Background: Emotional eating (EE) may be defined as a tendency to eat in response to negative emotions and energy-dense and palatable foods, and is common amongst adults with overweight or obesity. There is limited evidence regarding the effectiveness of interventions that address EE. Objectives: To synthesize evidence on the effectiveness of EE interventions for weight loss and EE in adults living with overweight or obesity. Methods: This is a systematic review and meta-analysis. Adhering to the PRISMA guidance, a comprehensive electronic search was completed up to February 2022. Random effects meta-analysis was carried out to determine the percentage change in weight and EE scores. Results: Thirty-four studies were included. The combined effect size for percentage weight change was −1.08% (95% CI: −1.66 to −0.49, I2 = 64.65%, n = 37), once adjusted for publication bias. Similarly, the combined effect size for percentage change in EE was −2.37%, (95% CI: −3.76 to −0.99, I2 = 87.77%, n = 46). Cognitive Behavioural Therapy showed the most promise for reducing weight and improving EE. Conclusions: Interventions to address EE showed promise in reducing EE and promoted a small amount of weight loss in adults living with overweight or obesity.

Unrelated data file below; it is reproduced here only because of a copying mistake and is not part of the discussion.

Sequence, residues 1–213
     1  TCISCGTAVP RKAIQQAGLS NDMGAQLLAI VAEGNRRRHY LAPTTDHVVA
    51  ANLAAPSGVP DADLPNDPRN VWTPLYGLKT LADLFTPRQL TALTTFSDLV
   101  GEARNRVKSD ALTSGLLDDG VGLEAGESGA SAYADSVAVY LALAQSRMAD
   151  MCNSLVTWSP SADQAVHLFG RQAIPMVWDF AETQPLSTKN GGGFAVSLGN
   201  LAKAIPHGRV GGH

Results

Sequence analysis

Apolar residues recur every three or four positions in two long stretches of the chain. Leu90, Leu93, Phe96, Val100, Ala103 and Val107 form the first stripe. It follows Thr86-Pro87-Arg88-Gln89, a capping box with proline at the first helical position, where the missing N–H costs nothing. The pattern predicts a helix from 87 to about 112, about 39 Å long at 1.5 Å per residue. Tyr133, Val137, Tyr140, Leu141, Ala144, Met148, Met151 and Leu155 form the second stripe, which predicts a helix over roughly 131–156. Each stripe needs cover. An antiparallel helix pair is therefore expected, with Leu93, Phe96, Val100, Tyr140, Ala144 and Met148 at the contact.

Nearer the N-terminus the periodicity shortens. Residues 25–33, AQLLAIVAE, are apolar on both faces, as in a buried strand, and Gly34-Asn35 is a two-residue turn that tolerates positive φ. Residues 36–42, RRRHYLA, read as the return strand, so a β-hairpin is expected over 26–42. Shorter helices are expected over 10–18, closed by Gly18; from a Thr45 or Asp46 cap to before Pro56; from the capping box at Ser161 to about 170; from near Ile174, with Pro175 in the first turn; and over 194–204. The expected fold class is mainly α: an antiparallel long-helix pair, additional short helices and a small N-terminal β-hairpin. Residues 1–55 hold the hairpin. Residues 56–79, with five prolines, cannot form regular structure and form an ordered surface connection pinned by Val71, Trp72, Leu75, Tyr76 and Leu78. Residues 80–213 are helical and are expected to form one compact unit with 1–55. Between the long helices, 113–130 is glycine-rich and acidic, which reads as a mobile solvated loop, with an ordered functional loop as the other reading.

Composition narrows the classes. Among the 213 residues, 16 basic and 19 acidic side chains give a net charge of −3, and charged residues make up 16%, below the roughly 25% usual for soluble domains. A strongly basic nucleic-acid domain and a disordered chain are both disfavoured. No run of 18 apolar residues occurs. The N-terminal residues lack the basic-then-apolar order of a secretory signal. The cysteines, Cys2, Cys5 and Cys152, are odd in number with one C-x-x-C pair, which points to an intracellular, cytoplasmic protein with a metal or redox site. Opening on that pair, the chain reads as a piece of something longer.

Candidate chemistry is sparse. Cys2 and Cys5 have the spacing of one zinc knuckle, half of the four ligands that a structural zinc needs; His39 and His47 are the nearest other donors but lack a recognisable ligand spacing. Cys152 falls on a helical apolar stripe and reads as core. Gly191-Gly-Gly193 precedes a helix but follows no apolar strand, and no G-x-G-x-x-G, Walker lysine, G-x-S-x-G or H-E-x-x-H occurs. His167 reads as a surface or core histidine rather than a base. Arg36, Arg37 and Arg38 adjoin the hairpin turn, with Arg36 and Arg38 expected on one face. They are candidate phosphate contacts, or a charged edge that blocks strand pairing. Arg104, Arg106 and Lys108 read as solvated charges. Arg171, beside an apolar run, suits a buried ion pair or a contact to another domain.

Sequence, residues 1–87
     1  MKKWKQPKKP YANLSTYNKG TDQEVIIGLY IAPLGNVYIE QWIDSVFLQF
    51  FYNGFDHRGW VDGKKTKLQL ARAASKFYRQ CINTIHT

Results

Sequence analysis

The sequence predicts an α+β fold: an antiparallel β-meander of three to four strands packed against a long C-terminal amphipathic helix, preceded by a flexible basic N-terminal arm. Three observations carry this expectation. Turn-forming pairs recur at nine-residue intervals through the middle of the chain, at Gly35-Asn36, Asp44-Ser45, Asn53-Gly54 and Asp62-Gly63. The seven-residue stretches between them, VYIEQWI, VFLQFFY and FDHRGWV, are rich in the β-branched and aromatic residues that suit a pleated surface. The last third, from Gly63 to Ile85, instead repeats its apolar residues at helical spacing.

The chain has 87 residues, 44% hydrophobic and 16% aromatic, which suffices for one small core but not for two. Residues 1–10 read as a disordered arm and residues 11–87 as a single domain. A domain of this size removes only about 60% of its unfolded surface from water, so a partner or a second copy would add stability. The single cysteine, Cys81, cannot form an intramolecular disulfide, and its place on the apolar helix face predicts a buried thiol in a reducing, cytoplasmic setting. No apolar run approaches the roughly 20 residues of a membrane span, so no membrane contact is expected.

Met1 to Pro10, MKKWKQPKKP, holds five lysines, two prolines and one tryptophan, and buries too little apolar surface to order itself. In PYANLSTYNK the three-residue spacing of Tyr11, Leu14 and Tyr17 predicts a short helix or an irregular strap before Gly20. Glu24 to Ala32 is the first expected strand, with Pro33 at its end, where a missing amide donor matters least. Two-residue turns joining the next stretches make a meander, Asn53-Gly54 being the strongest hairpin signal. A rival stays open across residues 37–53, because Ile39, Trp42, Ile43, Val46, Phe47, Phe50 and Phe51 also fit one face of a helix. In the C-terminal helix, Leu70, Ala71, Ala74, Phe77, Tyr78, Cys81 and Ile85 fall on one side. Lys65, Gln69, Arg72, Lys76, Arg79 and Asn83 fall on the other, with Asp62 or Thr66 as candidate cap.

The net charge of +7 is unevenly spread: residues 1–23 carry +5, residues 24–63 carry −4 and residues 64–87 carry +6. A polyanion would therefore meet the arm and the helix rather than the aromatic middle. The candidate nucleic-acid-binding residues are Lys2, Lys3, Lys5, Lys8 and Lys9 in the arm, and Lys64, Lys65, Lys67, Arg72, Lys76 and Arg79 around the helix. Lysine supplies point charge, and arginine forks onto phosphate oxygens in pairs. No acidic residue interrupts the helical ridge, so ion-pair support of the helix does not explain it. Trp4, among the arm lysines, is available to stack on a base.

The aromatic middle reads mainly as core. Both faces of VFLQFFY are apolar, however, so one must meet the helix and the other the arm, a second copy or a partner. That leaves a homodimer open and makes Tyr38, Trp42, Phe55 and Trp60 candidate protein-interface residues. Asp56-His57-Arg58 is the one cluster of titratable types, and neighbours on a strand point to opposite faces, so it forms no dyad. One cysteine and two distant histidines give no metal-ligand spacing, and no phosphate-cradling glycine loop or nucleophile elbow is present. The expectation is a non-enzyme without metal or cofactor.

|Number of pages||22|
|Journal||International Journal of Environmental Research and Public Health.|
|Publication status||Published - 3 Feb 2023|
Bibliographical noteFunding Information:
No funding was received for this project, as it was undertaken as a dissertation for the M.Sc. Dietetics programme at Teesside University by X.Q.A.
© 2023 by the authors.